Rice, A. H., & Kitchel, T. (2016). Influence of knowledge of content and students on beginning agriculture teachers’ approaches to teaching content. Journal of Agricultural Education, 57(4), 86-100. https://doi.org/10.5032/jae.2016.04086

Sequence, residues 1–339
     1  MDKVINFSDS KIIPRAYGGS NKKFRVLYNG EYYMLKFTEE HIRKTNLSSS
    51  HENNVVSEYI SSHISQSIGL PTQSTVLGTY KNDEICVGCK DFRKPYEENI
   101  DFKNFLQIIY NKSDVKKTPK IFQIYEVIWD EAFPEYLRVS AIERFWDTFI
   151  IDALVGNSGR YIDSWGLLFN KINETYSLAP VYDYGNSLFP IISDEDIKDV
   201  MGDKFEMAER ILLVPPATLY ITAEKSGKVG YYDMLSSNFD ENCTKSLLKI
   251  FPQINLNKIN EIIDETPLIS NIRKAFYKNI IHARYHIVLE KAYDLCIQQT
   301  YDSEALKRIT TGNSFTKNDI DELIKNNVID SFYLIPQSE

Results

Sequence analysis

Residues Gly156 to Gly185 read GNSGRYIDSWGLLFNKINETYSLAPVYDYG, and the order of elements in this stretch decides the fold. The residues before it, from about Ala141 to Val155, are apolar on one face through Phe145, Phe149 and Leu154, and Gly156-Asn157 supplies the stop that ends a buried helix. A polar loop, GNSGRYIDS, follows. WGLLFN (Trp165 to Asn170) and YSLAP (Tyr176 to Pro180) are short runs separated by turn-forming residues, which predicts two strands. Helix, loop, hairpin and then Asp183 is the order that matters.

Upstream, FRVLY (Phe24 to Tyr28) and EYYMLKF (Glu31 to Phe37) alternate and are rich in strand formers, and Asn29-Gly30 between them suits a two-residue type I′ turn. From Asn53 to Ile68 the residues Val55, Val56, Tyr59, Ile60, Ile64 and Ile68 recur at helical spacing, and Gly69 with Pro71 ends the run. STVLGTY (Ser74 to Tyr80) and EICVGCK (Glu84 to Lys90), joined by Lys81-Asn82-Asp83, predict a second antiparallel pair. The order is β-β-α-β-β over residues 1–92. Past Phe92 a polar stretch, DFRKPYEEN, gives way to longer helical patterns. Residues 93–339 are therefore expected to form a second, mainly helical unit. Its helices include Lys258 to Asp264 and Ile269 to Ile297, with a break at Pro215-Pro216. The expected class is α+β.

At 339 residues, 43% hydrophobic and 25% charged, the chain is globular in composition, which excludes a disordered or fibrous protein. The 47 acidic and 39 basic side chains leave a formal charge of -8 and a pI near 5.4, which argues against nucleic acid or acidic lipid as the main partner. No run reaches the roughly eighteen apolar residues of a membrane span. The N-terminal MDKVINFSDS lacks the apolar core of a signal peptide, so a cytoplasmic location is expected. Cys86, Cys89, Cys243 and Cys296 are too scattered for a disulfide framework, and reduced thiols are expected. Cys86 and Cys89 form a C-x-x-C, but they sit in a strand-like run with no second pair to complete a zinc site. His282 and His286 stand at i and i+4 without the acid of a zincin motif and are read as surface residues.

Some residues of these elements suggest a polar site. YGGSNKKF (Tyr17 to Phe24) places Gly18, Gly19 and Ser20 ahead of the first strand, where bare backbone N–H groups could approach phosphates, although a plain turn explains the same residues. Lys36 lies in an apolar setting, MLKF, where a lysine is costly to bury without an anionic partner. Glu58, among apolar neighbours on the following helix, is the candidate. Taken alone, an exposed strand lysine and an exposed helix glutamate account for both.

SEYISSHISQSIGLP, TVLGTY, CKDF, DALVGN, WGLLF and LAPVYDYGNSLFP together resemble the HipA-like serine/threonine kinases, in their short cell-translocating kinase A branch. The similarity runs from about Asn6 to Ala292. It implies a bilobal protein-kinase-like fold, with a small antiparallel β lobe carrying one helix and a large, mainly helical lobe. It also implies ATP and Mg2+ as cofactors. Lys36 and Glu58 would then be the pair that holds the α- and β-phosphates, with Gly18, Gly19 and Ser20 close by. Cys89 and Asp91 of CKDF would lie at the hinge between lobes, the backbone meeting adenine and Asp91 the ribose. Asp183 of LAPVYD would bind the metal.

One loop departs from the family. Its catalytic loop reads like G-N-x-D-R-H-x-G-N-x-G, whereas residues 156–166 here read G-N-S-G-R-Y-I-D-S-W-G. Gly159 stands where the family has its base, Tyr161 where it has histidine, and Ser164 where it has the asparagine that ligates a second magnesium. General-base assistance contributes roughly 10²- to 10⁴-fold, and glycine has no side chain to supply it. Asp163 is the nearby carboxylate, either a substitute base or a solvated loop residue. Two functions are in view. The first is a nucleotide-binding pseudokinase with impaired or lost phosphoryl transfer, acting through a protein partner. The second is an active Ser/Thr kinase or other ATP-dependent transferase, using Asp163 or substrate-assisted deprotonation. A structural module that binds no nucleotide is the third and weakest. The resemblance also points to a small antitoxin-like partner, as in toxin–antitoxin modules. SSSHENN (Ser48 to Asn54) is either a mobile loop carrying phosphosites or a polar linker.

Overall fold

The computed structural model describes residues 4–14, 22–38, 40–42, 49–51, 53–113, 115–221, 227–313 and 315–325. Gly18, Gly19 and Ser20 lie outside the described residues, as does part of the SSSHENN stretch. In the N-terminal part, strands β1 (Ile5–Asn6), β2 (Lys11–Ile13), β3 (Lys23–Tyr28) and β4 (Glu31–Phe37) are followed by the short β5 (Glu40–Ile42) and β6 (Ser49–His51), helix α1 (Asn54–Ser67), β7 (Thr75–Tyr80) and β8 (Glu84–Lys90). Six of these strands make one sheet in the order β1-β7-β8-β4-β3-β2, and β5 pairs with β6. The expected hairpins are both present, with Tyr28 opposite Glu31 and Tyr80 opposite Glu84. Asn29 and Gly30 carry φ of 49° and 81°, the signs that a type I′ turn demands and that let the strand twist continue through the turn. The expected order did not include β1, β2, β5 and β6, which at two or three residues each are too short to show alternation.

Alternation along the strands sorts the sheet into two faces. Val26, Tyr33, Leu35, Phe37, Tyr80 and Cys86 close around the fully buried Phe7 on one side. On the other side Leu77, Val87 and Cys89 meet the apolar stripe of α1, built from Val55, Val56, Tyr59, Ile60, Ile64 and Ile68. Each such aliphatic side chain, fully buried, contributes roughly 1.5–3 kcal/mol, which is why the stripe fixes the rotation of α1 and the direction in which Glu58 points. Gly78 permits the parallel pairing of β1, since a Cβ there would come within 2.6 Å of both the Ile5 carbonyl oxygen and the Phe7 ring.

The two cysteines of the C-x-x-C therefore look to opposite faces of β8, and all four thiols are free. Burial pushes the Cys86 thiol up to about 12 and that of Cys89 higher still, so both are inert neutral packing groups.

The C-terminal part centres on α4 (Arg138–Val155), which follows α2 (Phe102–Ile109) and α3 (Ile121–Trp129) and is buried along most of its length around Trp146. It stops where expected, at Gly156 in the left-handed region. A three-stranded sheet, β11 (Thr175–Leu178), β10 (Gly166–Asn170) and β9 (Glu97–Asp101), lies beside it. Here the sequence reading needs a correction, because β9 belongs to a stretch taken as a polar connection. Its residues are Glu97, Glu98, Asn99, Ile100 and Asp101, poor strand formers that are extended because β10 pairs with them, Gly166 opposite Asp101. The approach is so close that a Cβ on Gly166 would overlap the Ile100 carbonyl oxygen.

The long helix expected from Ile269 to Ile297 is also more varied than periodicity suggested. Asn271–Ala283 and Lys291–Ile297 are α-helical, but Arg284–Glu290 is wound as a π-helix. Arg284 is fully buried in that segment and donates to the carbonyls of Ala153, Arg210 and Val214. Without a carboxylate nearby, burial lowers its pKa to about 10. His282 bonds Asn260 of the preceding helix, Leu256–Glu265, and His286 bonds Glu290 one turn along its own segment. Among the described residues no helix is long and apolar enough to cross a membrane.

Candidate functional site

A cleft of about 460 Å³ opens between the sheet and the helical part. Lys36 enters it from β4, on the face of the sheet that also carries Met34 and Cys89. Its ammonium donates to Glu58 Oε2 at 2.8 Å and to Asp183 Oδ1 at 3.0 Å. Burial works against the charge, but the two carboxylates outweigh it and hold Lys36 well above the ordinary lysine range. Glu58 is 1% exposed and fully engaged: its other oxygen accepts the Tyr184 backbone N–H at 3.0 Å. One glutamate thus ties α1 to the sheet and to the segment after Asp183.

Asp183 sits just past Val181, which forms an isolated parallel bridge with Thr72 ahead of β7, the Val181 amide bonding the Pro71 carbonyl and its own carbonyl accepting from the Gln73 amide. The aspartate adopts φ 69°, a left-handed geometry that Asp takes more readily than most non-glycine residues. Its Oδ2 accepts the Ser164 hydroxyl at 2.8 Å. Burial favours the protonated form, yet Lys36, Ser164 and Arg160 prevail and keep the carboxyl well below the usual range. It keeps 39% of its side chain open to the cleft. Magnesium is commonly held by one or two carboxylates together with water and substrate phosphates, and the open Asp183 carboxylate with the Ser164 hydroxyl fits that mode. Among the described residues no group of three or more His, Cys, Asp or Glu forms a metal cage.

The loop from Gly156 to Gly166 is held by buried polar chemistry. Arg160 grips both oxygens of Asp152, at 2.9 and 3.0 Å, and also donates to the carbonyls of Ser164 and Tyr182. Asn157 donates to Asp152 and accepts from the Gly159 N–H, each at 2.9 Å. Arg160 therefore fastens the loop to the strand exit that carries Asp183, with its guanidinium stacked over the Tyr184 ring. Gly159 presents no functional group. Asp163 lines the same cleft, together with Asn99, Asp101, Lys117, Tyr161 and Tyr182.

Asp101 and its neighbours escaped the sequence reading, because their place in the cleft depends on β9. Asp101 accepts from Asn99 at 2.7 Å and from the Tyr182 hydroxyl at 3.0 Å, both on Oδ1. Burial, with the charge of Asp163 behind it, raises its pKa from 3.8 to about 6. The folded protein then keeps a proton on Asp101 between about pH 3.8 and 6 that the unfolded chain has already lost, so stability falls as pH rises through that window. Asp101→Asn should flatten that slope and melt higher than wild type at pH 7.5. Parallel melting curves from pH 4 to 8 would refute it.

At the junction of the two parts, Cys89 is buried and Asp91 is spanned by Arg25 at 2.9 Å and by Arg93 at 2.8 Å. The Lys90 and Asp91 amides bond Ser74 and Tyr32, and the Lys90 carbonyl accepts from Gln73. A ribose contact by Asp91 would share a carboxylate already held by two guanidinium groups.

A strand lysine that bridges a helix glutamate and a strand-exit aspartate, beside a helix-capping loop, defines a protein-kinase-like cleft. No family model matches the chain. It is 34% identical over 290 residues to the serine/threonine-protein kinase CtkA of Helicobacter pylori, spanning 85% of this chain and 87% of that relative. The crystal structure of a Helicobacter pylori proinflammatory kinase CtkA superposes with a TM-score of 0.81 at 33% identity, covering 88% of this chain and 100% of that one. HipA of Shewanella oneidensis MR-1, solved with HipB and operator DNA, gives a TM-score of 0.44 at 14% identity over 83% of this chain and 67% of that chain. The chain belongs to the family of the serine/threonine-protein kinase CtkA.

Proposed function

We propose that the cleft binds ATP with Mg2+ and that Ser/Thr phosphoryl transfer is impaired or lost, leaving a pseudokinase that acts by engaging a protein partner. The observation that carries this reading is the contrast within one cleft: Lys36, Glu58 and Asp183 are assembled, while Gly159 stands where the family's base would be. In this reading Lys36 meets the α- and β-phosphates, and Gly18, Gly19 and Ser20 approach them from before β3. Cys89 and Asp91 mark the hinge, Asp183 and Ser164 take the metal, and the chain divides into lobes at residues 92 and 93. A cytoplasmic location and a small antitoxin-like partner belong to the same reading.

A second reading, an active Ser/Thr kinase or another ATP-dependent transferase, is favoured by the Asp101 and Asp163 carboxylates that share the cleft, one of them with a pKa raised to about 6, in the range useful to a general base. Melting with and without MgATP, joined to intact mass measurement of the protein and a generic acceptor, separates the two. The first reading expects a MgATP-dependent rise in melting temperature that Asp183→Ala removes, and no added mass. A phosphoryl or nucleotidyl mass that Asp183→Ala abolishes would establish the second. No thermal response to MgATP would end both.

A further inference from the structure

This study explored experiences of beginning agriculture teachers’ approaches to teaching content. The research question guiding the study was: how does agriculture teachers’ knowledge of content and students influence their process of breaking down content knowledge for teaching? The researchers employed a grounded theory approach in which five beginning teachers were interviewed and observed teaching a lesson. The researchers found beginning teachers’ knowledge of content and students greatly influenced how they broke down content knowledge for student understanding. Five major themes emerged: students’ prior knowledge and enrollment in sequences of courses influenced content covered, student engagement methods were not primarily driven by content, differing perceptions of content difficulty for students shaped teaching decisions, deconstructing content for students was deemed important by teachers, and teachers engaged in a form of learning egocentrism. These findings support further research on teachers’ development of pedagogical content knowledge, including knowledge of content and students overtime as it was found to be an influential knowledge base. Recommendations include providing teachers with more opportunities to explore integrating student’s prior knowledge into the curriculum and incorporating student thinking about agriculture content more specifically in teacher preparation.